As states and school districts approach a multi-billion-dollar funding cliff later this year when most of the money runs out under the federal economic-stimulus program, they are slowly tapping the separate $10 billion Education Jobs Fund to help them ride out a rocky recovery from a deep recession.
With the school year half over, 20 states and the District of Columbia have spent less than 5 percent of their allotments under that one-time measure designed to save educator jobs this year and next, according to an Education Week analysis of U.S. Department of Education data. Only four states—Kansas, South Dakota, California, and Georgia—have spent more than 80 percent of their shares. And Texas and South Carolina, which have their own unique budget dynamics that have affected their applications, may never see a dime.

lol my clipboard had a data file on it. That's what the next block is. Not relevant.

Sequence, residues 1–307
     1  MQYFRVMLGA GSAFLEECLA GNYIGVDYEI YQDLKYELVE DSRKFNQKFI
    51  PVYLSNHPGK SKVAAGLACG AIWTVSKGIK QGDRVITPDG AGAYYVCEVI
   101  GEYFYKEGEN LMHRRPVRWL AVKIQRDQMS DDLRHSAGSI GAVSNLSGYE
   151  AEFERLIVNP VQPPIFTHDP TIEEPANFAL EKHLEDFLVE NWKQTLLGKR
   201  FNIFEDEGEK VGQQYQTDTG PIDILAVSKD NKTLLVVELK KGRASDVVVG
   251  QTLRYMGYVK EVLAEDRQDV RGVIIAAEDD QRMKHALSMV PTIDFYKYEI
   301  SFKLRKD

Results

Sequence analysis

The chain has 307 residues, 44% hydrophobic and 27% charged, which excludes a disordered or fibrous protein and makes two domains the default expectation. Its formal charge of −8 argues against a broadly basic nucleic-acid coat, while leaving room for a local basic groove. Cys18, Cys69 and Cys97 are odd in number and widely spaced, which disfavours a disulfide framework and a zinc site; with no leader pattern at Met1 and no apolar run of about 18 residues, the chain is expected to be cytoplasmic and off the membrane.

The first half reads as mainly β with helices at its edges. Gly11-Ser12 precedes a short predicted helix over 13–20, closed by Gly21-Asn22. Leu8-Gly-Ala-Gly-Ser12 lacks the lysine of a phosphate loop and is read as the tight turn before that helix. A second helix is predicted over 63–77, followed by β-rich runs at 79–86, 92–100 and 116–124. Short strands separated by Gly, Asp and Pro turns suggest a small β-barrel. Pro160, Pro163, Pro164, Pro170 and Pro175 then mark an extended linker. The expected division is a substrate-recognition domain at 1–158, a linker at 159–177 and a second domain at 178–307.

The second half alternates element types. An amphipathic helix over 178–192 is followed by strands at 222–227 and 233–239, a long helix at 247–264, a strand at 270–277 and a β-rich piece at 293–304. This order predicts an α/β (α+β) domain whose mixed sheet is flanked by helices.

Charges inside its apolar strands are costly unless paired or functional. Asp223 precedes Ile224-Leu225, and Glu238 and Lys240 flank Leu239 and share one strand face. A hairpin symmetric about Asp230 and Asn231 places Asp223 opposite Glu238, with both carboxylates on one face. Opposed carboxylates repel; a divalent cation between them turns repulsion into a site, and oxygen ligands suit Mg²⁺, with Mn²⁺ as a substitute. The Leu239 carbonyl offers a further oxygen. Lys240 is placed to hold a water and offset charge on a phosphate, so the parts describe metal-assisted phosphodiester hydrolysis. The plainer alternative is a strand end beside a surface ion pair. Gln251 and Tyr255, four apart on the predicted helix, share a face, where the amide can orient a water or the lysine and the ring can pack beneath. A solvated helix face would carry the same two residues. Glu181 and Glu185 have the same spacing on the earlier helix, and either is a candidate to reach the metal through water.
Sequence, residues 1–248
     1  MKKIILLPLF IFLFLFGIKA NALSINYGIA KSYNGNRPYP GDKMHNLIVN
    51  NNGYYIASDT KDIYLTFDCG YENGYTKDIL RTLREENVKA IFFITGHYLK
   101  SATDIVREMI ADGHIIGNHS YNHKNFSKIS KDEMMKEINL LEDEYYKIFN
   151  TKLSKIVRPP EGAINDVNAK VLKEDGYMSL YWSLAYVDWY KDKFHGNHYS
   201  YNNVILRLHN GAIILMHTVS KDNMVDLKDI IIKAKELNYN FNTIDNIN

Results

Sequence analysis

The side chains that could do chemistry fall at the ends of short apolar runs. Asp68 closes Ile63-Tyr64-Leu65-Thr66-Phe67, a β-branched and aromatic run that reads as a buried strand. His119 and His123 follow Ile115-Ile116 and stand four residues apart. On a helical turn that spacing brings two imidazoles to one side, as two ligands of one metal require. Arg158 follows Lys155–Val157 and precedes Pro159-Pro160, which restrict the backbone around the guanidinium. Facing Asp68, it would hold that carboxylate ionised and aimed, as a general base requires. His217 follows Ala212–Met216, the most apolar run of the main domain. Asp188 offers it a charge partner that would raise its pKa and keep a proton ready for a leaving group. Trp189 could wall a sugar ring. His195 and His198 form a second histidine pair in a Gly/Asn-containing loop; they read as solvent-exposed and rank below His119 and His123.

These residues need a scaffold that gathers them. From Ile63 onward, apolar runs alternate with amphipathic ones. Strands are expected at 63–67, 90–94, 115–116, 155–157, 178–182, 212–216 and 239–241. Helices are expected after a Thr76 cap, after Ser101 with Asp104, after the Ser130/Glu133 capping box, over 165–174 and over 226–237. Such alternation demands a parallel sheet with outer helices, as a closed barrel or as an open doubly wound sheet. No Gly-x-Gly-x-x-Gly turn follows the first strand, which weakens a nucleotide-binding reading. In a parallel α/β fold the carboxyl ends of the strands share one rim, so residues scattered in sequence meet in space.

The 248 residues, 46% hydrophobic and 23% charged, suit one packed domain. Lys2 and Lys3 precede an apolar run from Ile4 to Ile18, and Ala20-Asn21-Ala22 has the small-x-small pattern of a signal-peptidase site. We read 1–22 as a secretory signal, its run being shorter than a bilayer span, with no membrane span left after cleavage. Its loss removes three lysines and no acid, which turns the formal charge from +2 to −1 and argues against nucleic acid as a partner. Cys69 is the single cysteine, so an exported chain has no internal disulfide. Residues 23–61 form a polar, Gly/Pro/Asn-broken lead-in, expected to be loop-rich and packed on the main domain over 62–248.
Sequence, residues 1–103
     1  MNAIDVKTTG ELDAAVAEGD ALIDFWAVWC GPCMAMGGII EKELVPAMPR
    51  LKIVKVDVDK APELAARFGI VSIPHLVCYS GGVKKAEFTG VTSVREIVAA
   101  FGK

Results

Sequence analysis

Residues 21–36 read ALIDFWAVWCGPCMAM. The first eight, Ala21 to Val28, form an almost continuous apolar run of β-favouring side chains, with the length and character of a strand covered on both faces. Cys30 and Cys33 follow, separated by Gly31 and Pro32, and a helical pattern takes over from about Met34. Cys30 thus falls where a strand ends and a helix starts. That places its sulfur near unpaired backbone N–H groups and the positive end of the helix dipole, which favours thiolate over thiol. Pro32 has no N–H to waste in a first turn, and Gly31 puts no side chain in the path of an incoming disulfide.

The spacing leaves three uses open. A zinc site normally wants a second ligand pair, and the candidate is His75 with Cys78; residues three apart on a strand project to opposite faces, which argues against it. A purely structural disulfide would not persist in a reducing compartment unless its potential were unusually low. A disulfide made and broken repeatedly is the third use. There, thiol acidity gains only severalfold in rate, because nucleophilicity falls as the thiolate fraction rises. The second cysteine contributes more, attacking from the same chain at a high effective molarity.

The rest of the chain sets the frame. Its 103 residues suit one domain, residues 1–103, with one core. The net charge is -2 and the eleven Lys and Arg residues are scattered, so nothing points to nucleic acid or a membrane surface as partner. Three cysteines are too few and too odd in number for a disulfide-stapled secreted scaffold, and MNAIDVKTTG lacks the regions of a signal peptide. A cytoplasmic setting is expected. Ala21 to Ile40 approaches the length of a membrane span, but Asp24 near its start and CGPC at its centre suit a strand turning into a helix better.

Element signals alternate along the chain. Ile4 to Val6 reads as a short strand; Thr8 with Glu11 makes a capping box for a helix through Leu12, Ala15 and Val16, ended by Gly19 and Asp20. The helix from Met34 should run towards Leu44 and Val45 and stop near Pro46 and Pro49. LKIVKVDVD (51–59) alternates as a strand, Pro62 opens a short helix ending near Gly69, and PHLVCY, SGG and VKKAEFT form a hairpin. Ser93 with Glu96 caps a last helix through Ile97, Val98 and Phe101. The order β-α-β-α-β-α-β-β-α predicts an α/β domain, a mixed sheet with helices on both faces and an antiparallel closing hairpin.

Overall, states have spent $2.5 billion of the $10 billion pot of money Congress created in August to help shore up states’ K-12 budgets, just as much of the nearly $100 billion in education aid from the American Recovery and Reinvestment Act dries up. All told, states report that translates into 62,487 jobs either created or saved through Dec. 31.
The Education Jobs Fund, also known as “edujobs” money, is designed to pay the salaries and benefits of teachers and other school personnel this school year, although districts can hold their money over into the 2011-12 school year. The money was put on the fast-track, with states submitting a simple, streamlined application and the Education Department making awards within two weeks of receiving the paperwork last year. The last state to receive its award was Wyoming, in October.